Norman residents embrace design process

Urban design experts are in Norman this week for an intensive, interactive charrette to develop a long-range design plan for downtown, Campus Corner and the residential corridor that connects the two business districts.
by Jane Glenn Cannon Modified: May 15, 2014 at 12:00 pm •  Published: May 14, 2014
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— Urban design expert Dan Parolek says Norman has all the right ingredients for a vibrant “center city” that would connect downtown to Campus Corner and incorporate the residential neighborhoods in between.

Parolek and other urban designers are working with Norman residents this week to come up with a vision of what that vibrant environment could look like.

Norman has a unique “prairie style” architecture downtown and on Campus Corner, the University of Oklahoma campus and beautiful, older neighborhoods that all lend themselves to an overall center city design, he said.

“There’s a lot of brick buildings, of a certain shade of red, that kind of ground the architecture,” Parolek said. “It’s a regional type of architecture, but it has elements unique to Norman.”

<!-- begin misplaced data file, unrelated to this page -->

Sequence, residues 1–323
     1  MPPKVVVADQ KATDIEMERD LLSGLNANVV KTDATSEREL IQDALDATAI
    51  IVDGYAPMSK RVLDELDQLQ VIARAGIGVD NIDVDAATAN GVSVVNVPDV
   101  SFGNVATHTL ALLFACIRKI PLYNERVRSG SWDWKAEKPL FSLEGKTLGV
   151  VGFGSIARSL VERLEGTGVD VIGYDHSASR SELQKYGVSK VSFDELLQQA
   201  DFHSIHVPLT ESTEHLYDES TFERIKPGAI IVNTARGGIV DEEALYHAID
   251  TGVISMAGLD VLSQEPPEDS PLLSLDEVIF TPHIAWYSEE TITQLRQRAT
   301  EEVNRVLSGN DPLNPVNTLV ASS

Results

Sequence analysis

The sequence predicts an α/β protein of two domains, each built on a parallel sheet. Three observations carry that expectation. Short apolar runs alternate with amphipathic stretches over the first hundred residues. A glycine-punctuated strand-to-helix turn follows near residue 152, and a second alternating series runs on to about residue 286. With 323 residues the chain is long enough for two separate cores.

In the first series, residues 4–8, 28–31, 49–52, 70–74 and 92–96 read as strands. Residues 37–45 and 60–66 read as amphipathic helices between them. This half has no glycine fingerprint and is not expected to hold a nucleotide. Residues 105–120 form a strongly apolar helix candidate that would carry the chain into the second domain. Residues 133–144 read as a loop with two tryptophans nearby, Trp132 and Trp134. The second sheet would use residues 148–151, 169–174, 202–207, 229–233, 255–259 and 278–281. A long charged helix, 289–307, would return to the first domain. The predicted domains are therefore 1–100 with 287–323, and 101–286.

Parolek is with the design firm Opticus of Berkeley, Calif. He is joined by designers Geoffrey Ferrell and Mary Madden, from the Washington, D.C.-based firm of Ferrell Madden, and Bill Lennertz, executive director of the National Charrette Institute in Portland, Ore.

The designers have set up shop this week in the LoveWorks building at 127 W Main St. They are participating in a weeklong charrette co-sponsored by the city and OU, aimed at coming up with a long-range design that residents can endorse for the downtown and Campus Corner business districts and the residential corridor that connects them.

Charrette is a French term for a high-speed, multiday intensive workshop in which professionals work with residents to look at design problems and come up with solutions, said city planner Susan Atkinson.

“It’s very much community-based. It’s built around what residents and property owners — the stakeholders — want to see happen,” Atkinson said.

Residents have turned out in droves to participate in the process. At an opening session, the LoveWorks space was “packed with people,” Atkinson said. Residents, property owners and business owners also drop by daily between 10 a.m. and 6 p.m. to watch the designers work or participate in brainstorming sessions. A final public presentation is set for 6:30 to 9 p.m. Friday.

“The level of participation in this process, on a scale of one to 10, is a 10,” Ferrell said. “People here are very vocal and very energetic. We’re here to listen to them and take their ideas and turn them into a workable plan.”

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by Jane Glenn Cannon
Senior Reporter
A native of Oklahoma, Jane Glenn Cannon is an award-winning reporter who has covered everything from crime, courts and government to entertainment and features. She wrote a popular personal column for many years. She is a former associate writer...
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